Connecting Rural Educators: Professional Development Goes Digital


Many educators in our DML network will be familiar with The National Writing Project (NWP), a 45-year-old professional development network, whose focus is on improving the teaching of writing across all grade levels. With close to 200 writing project sites spread throughout the U.S., the NWP network is within reach of thousands and thousand of teachers. But even with the reach and impact the network has on teachers and students, the NWP still seeks to improve access to their professional development communities. One of the challenges, particularly in rural areas, has been the difficulty for teachers

Textransformations: Interactive Art Practice as Connected Learning


We find ourselves in a cultural moment that is particularly fraught with the impulse for instant gratification as online social networks have us “plugged in” and busy narrating our lives online. So many have become wholly accustomed to certain forms of digital interactivity by seeking approval and amplification in online forums. Jaron Lanier has effectively dubbed certain social media platforms as “behavior modification empires.”  The hazards are now plain to see. Open communication platforms profit from the data generated from our human interaction, making us take pause. Free and open interactivity exacts a certain cost.  

The Emergence of the ESU Digital Warriors


In the early weeks of the fall semester of 2017, we developed a series of events that provided students opportunities to create Esports activities that led to a universitywide showcase competition. We will be presenting these findings at the inaugural Connected Learning Summit, Aug. 2, 2018 at the MIT Media Lab. In April, students from across East Stroudsburg University (ESU) came together to hold a successful League of Legend event in the Digital Media Technologies department. This was the culmination of a year of hard work and exploratory active learning. How did we get there? Our

CLS Keynote Speaker to Deliver Talk on Importance of Connected Learning


As a kid in the early 1980s, Baratunde Thurston took part in myriad enrichment activities — from sports and community gardening to boy scouts, cultural spectating and political activism. His mother encouraged him to pursue his interests through after-school and weekend programs, and with mentors and peers. “My mother was always pushing for me to have experiences,” said Thurston, a humorist, social activist and author. “She was trying to enrich me and give me a bunch of perspectives to help me figure out what I care about, what I would enjoy or love so I could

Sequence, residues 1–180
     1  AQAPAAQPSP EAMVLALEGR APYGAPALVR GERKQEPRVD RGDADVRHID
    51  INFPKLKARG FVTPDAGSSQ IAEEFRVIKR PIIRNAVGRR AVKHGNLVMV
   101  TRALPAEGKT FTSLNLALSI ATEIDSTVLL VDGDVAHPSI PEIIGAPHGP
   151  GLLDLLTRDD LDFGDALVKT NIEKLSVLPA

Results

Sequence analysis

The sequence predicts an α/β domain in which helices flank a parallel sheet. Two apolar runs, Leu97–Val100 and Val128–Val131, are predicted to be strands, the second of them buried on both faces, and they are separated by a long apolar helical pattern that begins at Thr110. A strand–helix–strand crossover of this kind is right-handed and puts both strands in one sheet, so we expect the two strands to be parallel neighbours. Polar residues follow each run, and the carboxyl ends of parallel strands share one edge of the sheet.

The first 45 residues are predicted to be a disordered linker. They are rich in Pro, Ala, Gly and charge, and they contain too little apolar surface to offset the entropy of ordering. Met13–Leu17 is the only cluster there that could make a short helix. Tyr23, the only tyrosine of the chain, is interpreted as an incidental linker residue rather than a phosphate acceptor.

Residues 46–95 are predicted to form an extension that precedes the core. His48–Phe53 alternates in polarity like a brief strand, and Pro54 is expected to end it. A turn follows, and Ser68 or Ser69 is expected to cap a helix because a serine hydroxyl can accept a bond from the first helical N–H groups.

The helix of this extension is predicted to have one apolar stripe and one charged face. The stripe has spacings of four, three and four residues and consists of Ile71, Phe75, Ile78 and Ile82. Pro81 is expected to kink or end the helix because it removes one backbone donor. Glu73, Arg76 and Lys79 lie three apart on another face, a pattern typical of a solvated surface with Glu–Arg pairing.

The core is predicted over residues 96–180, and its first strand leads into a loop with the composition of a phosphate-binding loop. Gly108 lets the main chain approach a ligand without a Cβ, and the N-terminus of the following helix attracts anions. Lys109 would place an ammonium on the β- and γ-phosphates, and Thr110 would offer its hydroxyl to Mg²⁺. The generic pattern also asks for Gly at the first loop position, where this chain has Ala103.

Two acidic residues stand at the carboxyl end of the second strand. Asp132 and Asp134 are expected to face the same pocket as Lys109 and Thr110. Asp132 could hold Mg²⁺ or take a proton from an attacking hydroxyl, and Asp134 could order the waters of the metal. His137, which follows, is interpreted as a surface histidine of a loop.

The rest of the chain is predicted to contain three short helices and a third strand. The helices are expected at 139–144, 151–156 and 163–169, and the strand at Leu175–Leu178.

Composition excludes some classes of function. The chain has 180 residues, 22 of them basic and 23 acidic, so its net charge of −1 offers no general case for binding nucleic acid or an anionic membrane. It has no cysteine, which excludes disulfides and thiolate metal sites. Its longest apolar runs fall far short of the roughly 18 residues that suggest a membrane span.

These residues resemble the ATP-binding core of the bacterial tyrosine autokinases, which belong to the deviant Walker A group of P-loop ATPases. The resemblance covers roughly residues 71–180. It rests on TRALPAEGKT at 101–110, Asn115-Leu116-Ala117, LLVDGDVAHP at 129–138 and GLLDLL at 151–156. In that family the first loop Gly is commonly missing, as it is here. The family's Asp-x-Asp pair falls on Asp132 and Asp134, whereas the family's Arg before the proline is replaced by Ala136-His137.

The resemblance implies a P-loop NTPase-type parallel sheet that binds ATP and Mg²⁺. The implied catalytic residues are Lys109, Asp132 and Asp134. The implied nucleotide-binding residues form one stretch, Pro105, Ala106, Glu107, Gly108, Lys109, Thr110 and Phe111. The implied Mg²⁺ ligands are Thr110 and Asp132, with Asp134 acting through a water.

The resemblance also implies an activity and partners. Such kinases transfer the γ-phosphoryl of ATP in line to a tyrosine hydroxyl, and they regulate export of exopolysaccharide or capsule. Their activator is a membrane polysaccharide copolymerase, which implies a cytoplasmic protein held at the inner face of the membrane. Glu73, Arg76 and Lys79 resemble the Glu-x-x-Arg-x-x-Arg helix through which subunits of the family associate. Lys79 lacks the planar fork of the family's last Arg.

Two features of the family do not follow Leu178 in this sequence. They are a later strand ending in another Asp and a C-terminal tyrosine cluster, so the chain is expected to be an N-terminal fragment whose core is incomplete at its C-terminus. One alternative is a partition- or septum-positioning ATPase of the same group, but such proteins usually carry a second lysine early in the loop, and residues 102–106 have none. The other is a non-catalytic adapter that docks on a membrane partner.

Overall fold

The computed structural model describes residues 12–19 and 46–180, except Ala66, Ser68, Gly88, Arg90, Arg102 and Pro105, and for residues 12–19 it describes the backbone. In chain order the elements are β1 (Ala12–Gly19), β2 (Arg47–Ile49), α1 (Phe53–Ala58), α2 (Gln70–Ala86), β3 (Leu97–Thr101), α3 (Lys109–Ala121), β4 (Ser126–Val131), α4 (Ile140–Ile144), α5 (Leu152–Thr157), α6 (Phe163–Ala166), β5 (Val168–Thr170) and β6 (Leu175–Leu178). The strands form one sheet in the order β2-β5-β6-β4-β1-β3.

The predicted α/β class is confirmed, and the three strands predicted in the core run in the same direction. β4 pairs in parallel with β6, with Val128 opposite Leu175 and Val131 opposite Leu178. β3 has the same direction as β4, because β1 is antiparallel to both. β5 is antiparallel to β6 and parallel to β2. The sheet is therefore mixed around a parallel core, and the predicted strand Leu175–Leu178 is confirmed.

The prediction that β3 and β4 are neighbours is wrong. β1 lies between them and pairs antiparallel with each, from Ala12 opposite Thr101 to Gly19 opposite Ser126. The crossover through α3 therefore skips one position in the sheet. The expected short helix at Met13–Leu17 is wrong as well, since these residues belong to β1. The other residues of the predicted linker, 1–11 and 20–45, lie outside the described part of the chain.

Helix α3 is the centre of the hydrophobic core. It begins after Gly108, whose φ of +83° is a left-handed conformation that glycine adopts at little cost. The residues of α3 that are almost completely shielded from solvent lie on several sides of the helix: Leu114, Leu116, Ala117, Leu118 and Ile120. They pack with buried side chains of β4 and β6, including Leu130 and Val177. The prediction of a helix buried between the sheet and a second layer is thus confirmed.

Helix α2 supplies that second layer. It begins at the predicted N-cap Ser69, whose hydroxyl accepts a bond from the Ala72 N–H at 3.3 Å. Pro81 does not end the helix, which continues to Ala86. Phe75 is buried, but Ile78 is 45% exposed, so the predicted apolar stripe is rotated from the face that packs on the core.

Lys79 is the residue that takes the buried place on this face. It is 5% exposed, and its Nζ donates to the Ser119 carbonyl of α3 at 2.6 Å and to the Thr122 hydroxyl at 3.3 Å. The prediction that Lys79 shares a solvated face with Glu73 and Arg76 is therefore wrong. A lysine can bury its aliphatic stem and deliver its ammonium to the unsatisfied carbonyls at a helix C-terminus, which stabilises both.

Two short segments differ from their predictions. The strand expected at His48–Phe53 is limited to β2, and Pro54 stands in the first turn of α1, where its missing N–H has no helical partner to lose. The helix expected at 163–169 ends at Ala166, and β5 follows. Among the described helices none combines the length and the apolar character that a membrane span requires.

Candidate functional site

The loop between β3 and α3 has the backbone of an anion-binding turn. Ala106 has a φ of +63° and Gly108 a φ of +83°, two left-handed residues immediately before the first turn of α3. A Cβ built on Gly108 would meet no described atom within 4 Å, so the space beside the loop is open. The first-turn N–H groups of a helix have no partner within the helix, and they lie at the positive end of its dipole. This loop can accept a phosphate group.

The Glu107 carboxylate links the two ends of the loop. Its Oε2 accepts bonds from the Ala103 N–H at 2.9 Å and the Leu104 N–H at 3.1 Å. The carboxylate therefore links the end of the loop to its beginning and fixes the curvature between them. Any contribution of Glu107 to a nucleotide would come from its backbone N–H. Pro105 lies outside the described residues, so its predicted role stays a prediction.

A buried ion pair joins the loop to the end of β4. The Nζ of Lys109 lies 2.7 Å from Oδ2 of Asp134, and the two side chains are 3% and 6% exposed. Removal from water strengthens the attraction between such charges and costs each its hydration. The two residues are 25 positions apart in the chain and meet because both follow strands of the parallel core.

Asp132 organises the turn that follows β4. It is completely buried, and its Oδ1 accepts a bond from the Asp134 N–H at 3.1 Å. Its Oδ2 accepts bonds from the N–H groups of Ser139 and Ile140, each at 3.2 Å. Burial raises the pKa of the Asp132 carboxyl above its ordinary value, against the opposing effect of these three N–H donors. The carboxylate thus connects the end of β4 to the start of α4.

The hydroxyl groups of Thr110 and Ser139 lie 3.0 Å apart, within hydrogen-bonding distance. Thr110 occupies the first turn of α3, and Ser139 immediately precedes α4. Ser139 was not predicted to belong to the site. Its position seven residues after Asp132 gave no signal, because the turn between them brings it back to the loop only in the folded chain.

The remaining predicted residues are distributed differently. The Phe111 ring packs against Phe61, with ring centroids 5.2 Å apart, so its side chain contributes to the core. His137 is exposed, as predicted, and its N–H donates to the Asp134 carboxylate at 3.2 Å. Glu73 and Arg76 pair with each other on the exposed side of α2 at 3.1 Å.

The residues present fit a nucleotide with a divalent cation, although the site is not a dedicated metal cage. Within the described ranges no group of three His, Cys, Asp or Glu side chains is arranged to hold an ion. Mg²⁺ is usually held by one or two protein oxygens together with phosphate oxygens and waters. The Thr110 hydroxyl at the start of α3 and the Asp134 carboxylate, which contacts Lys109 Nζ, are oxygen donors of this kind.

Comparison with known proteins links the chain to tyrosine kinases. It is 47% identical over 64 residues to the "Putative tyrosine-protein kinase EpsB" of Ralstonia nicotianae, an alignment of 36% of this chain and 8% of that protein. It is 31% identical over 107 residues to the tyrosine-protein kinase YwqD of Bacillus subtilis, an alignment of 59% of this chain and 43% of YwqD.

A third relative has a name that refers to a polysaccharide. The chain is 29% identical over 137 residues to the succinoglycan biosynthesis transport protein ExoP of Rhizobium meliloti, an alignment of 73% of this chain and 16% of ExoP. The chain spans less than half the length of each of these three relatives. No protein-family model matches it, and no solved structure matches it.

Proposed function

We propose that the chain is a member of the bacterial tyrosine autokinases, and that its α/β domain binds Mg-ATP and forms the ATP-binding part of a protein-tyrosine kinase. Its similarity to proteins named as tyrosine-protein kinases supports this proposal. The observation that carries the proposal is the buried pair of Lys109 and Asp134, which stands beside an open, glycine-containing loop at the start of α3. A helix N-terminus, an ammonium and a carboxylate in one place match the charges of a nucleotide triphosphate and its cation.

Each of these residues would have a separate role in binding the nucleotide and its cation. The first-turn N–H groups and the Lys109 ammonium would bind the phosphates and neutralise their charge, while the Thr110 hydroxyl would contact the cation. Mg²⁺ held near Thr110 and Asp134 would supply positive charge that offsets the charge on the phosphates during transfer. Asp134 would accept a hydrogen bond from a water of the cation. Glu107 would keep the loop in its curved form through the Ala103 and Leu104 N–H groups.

Scientists Seek Genetic Data to Personalize Education


Researchers have begun to propose using genetic data from students to personalize education. Bringing genetics into education is highly controversial. It raises significant concerns about biological discrimination and rekindles long debates about eugenics and the genetic inheritance of intelligence. Current proposals to personalize learning by enabling “educational organisations to create tailor-made curriculum programmes based on a pupil’s DNA profile” demand very close and critical attention. The potential of “the new geneism” to reproduce “dangerous ideas about the genetic heritability of intelligence” has already raised concerns. Scientists may be seeking new technologies to personalize teaching and learning

Connected Learning and 21st Century English Teacher Education


Much of the current rhetoric about technology and education relates to devices and software programs — what types schools should purchase, how much money districts should spend on them, how they should be integrated into classroom learning, and what return on investment they should produce. The implicit message communicated by this rhetoric is that technology transforms education through the medium of specific tools — that these tools are what structure and produce powerful teaching and learning. Give teachers and students laptops and Google Classroom accounts and magic will ensue. Over the past several years, a group

Google Report Reveals State of K-12 Computer Science Education


Computer scientists still are in high demand in the U.S., people of color still are disproportionately underrepresented in the field and whether and how computer science (CS) is taught varies wildly, according to a new report on the state of Kindergarten-through-high school CS education. Authored by Paulo Blikstein, assistant professor of education and (by courtesy) computer science at Stanford, the report — Pre-College Computer Science Education: A Survey of the Field — was commissioned by Google to shine a light on where CS education stands today and where it needs to go. “CS education has the

Amplifying Student Voice Through Digital Resources, Part 2


“Our stories that we tell are so powerful because when we are the one’s telling it, we have control over our stories and the messages that we are sending.” — Alejandra Ramirez Bermudez I am regularly in awe at the goodwill our students extend faculty, myself included, as they attempt to make sense of and successfully complete our idiosyncratic assignments. Too often, students hear faculty respond to any confusion students might have by telling them to “read the syllabus” or “read the assignment,” as if none of the faculty have ever tried to put together an